Which is better - deducting the standard mileage rate or actual expenses?

With the fluctuating cost of gas, it might be a good idea to revisit which tax deduction is the most beneficial - claiming 54.5 cents per mile (2018) or your actual vehicle expenses. Claiming the standard mileage rate is easier. All you have to do is keep track of your business miles and multiply them by the current rate. In addition to the standard mileage rate, you may also deduct the costs for parking and tolls. Plus, if you are self-employed, you can deduct the interest paid on your car loan.

Claiming actual expenses may result in a larger deduction, but requires a bit more diligence in your record keeping. First, keep all receipts for gasoline, oil, repairs, and tires. Also, track any amounts paid for licensing and registration, insurance, garage rental, leasing, parking, tolls, and rentals. Sales tax and luxury tax are not deductible, although the amounts you pay can be added to the cost of your car and recovered through depreciation.

Regardless of what method you choose, the expenses are limited to your business use. Therefore, you must document the total miles and the business miles for the year to calculate the business-use percentage.

Tax Tips Small Business

  • Thinking of Selling Your Corporation?

    Carefully review your options before making a decision

    When it come time to sell your corporation, you have two options. You can either sell the corporation stock or have the corporation sell the assets and distribute the proceeds. The tax implications of the two sales are very different. If you choose to sell the stock, you are the seller. The corporation is not affected by the transaction. The new owner steps into your shoes as the shareholder and takes over the existing corporation. If your share of the proceeds exceeds your basis in the stock, you'll have a capital gain to report on Schedule D.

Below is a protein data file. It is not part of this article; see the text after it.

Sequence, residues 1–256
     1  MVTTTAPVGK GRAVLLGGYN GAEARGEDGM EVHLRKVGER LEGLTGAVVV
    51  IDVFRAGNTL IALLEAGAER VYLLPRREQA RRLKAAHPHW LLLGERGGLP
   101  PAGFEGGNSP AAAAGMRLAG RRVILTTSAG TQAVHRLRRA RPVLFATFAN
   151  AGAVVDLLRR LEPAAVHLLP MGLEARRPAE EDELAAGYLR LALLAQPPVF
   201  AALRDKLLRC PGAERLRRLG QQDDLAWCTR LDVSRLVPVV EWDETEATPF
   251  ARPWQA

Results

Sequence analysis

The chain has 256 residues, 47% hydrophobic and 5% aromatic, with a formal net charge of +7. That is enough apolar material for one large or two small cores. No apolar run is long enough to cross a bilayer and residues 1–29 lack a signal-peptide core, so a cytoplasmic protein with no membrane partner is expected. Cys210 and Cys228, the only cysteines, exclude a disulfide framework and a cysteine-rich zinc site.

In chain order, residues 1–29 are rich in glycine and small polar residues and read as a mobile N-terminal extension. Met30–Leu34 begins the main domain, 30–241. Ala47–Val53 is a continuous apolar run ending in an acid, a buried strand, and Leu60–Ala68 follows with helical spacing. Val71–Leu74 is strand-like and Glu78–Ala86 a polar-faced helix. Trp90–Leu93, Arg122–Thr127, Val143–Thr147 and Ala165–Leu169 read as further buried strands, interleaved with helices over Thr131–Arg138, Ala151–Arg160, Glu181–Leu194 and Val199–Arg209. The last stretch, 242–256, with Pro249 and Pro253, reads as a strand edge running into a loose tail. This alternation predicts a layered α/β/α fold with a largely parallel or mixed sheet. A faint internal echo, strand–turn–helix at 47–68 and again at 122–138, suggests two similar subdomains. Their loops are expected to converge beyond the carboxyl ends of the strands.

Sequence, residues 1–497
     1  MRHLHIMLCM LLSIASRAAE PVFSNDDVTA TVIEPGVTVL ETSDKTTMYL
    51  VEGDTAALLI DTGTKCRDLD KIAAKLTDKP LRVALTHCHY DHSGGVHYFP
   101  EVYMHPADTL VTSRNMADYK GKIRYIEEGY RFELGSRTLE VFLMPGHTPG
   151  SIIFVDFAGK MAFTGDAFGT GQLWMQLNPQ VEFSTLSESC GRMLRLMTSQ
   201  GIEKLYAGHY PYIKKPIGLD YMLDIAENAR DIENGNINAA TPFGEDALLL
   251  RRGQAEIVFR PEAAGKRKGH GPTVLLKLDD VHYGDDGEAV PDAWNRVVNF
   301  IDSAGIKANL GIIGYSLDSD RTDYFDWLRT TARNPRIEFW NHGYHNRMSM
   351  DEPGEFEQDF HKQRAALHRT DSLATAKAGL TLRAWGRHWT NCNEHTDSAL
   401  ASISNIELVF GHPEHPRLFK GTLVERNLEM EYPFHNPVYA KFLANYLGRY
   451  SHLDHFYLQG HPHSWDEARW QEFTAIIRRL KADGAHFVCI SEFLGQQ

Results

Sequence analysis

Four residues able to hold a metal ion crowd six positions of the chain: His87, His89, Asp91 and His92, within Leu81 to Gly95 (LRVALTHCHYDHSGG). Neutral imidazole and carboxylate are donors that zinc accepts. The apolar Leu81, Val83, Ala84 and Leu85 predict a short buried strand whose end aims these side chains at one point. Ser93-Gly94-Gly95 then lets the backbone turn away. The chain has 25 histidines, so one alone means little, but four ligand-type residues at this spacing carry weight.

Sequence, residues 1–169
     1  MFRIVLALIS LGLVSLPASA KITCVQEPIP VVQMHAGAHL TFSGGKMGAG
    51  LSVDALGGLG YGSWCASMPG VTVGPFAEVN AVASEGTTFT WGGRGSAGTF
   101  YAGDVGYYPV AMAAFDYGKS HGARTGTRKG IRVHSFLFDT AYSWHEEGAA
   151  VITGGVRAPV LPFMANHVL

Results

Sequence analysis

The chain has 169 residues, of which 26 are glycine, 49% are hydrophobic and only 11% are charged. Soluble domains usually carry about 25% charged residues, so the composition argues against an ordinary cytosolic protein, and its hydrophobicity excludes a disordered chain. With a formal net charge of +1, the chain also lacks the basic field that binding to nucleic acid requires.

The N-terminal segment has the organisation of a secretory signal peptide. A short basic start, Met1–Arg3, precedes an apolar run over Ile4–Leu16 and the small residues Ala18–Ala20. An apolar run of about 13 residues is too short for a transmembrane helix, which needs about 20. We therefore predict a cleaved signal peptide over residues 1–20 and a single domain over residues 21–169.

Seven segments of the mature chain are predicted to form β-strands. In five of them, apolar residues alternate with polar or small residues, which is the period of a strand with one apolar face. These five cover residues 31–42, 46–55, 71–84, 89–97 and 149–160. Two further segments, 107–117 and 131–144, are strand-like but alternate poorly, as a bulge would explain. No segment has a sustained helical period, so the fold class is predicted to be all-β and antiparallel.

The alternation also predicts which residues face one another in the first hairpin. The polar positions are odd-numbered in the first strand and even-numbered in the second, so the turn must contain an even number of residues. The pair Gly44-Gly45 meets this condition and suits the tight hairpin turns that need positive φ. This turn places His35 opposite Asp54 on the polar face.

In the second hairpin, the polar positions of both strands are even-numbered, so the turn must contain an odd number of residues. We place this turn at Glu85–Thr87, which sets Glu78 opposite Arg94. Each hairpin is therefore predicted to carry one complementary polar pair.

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Small Business Quick Tip

  • SS Wage Base

    The Social Security wage base increases to $118,500 in 2016. This means that you are no longer required to withhold social security tax for employees after meeting this threshold. However, you are required to withhold Medicare taxes regardless of the amount of wages paid.
Saturday, 15th December 2018
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Tax Tips Personal

  • Did You Move This Year?

    Your moving expenses may be deductible

    If you moved this year because of a change in your job location or because you started a new job, you may be able to deduct the reasonable expenses of moving household goods and personal effects to your new home. The expenses of traveling to the new home including lodging expenses, are also deductible. Meals, however, are not.

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Personal Quick Tip

  • Tuition Deduction

    If you paid qualifying tuition and related expenses in 2016, you may be able to deduct up to $4,000 of the costs or qualify for a tax credit.